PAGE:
39. Rai, A.C., Kumar, P., Pilla, F., Skouloudis, A.N., Di Sabatino, S., Ratti, C., Yasar, A. and Rickerby, D. (2017). End-user perspective of low-cost sensors for outdoor air pollution monitoring. Sci Total Environ. 607: 691–705. [Publisher Site]

  40. Rajasegarar, S., Zhang, P., Zhou, Y., Karunasekera, S., Leckie, C. and Palaniswami, M. (2014). Long-term field evaluation of the plantower pms low-cost particulate matter sensors. 2014 IEEE Ninth International Conference on Intelligent Sensors, Sensor Networks and Information Processing (ISSNIP), 2014, Singapore, pp. 1–6.

  41. Sayahi, T., Butterfield, A. and Kelly, K. (2019). Long-term field evaluation of the plantower pms low-cost particulate matter sensors. Environ. Pollut. 245: 932–940. [Publisher Site]

  42. Semple, S., Ibrahim, A.E., Apsley, A., Steiner, M. and Turner, S. (2013). Using a new, low-cost air quality sensor to quantify second-hand smoke (SHS) levels in homes. Tob. Control 24: 153–158. [Publisher Site]

  43. Singer, B.C. and Delp, W.W. (2018). Response of consumer and research grade indoor air quality monitors to residential sources of fine particles. Indoor Air 28: 624–639. [Publisher Site]

  44. Sioutas, C. (1999). Evaluation of the measurement performance of the scanning mobility particle sizer and aerodynamic particle sizer. Aerosol Sci.Technol. 30: 84–92. [Publisher Site]

  45. Smith, K.R. and Mehta, S. (2003). The burden of disease from indoor air pollution in developing countries: Comparison of estimates. Int. J. Hyg. Environ. Health 206: 279–289. [Publisher Site]

  46. Sousan, S., Koehler, K., Hallett, L. and Peters, T.M. (2016a). Evaluation of the Alphasense optical particle counter (OPC-N2) and the Grimm portable aerosol spectrometer (PAS-1.108). Aerosol Sci. Technol. 50: 1352–1365. [Publisher Site]

  47. Sousan, S., Koehler, K., Thomas, G., Park, J.H., Hillman, M., Halterman, A. and Peters, T.M. (2016b). Inter-comparison of low-cost sensors for measuring the mass concentration of occupational aerosols. Aerosol Sci. Technol. 50: 462–473. [Publisher Site]

  48. Sousan, S., Koehler, K., Hallett, L. and Peters, T.M. (2017). Evaluation of consumer monitors to measure particulate matter. J. Aerosol Sci. 107: 123–133. [Publisher Site]

  49. Stewart, B. and Wild, C.P. (2017). World cancer report 2014. International Agency for Research on Cancer, WHO Press, World Health Organization, Switzerland.

  50. U.S. EPA (2016). Technical assistance document for the reporting of daily air quality - the air quality index (AQI). U.S. Environmental Protection Agency, USA.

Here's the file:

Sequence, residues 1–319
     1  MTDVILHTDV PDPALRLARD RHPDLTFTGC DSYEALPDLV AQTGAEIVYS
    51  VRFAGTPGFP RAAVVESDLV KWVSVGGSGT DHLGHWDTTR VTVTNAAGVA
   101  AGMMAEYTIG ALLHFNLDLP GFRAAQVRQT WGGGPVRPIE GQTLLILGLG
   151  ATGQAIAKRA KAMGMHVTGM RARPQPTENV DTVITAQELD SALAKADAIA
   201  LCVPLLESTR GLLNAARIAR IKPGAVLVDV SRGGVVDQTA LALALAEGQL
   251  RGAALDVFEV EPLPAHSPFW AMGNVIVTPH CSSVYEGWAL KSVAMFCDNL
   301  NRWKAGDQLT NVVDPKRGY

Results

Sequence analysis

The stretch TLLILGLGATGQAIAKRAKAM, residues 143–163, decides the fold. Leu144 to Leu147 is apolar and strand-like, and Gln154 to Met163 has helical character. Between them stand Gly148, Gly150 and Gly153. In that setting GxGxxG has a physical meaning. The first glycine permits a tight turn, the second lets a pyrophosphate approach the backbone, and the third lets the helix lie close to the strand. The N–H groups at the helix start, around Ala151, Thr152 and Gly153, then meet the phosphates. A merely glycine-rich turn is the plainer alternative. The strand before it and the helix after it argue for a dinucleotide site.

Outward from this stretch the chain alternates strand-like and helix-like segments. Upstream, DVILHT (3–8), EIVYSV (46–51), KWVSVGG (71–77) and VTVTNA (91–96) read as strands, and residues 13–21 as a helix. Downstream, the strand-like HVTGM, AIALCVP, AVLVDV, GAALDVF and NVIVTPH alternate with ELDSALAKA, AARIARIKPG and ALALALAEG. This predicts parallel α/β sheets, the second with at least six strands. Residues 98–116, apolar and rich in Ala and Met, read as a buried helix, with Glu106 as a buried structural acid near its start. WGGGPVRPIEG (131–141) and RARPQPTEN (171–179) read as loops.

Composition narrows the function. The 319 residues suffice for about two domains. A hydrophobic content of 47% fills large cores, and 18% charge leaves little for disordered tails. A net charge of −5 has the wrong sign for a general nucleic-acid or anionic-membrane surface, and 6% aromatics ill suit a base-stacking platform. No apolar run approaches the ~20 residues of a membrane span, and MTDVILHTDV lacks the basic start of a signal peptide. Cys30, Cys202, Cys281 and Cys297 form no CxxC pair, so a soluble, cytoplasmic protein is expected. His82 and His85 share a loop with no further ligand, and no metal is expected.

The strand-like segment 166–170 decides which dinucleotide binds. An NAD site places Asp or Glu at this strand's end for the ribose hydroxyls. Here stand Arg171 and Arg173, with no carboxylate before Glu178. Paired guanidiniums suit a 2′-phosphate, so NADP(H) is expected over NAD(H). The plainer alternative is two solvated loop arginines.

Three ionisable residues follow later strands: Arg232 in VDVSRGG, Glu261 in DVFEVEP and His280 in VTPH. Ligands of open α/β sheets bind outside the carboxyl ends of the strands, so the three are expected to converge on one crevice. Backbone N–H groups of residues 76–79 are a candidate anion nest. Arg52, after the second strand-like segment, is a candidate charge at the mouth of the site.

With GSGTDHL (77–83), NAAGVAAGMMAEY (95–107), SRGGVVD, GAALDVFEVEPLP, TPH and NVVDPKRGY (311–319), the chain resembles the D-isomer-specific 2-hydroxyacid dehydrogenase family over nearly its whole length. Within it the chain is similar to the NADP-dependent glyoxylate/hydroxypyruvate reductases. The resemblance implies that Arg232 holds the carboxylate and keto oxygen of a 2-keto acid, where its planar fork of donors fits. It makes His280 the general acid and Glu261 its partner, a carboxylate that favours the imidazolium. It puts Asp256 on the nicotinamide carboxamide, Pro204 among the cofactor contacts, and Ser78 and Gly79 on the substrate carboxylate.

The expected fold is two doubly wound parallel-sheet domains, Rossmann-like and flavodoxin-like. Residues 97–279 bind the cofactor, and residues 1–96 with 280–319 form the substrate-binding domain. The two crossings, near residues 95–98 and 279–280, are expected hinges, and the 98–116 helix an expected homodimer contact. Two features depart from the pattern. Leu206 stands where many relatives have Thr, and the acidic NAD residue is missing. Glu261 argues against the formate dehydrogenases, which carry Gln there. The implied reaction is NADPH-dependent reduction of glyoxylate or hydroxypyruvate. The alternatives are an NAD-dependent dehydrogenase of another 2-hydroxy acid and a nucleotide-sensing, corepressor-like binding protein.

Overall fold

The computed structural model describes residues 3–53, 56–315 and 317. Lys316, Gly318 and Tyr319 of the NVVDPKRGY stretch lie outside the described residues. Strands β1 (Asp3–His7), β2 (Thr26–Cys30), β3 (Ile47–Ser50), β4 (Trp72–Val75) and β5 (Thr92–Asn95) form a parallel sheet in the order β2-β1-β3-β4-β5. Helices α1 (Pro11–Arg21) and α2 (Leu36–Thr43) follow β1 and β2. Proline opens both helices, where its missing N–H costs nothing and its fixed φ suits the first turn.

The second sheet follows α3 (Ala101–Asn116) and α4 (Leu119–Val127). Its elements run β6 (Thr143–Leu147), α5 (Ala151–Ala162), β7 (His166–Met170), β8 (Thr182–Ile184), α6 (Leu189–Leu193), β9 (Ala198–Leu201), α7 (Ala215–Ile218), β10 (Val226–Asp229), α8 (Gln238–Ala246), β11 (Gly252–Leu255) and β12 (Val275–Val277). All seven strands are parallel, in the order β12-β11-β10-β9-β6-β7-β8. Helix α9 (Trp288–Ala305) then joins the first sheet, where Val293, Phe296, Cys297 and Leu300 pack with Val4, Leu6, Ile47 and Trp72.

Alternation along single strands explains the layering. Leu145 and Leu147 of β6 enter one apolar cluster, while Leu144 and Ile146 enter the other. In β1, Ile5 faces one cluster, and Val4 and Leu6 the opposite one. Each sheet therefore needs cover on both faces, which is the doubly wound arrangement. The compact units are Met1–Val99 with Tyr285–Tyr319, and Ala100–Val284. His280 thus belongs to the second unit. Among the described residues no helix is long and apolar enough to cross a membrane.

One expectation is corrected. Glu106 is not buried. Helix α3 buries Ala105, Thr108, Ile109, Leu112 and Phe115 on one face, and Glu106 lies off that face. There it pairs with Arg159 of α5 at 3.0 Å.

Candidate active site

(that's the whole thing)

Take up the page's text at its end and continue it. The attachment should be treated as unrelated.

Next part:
51. Valavanidis, A., Fiotakis, K. and Vlachogianni, T. (2008). Airborne particulate matter and human health: Toxicological assessment and importance of size and composition of particles for oxidative damage and carcinogenic mechanisms. J. Environ. Sci. Health, Part C 26: 339–362. [Publisher Site]

  52. Wang, Y., Li, J., Jing, H., Zhang, Q., Jiang, J. and Biswas, P. (2015). Laboratory evaluation and calibration of three low-cost particle sensors for particulate matter measurement. Aerosol Sci. Technol. 49: 1063–1077. [Publisher Site]

  53. Wang, Y., Pinterich, T. and Wang, J. (2018). Rapid measurement of sub-micrometer aerosol size distribution using a fast integrated mobility spectrometer. J. Aerosol Sci. 121: 12–20. [Publisher Site]

  54. White, R.M., Paprotny, I., Doering, F., Cascio, W.E., Solomon, P.A. and Gundel, L.A. (2012). Sensors and apps for community-based atmospheric monitoring. EM: Air And Waste Management Association's Magazine for Environmental Managers. Air & Waste Management Association, Pittsburgh, PA, pp 36–40.

  55. World Health Organization (WHO) (2005). WHO air quality guidelines for particulate matter, ozone, nitrogen dioxide and sulphur dioxide. Global update 2005. Summary of risk assessment. World Health Organization. [Website Link]

  56. Zhang, J., Marto, J.P. and Schwab, J.J. (2018). Exploring the applicability and limitations of selected optical scattering instruments for PM mass measurement. Atmos. Meas. Tech. 11: 2995. [Publisher Site]

  57. Zikova, N., Hopke, P.K. and Ferro, A.R. (2017). Evaluation of new low-cost particle monitors for PM2.5 concentrations measurements. J. Aerosol Sci. 105: 24–34. [Publisher Site]


Don't forget to share this article 

 

Subscribe to our Newsletter 

Aerosol and Air Quality Research has published over 2,000 peer-reviewed articles. Enter your email address to receive latest updates and research articles to your inbox every second week.

Latest coronavirus research from Aerosol and Air Quality Research

2018 Impact Factor: 2.735

5-Year Impact Factor: 2.827


SCImago Journal & Country Rank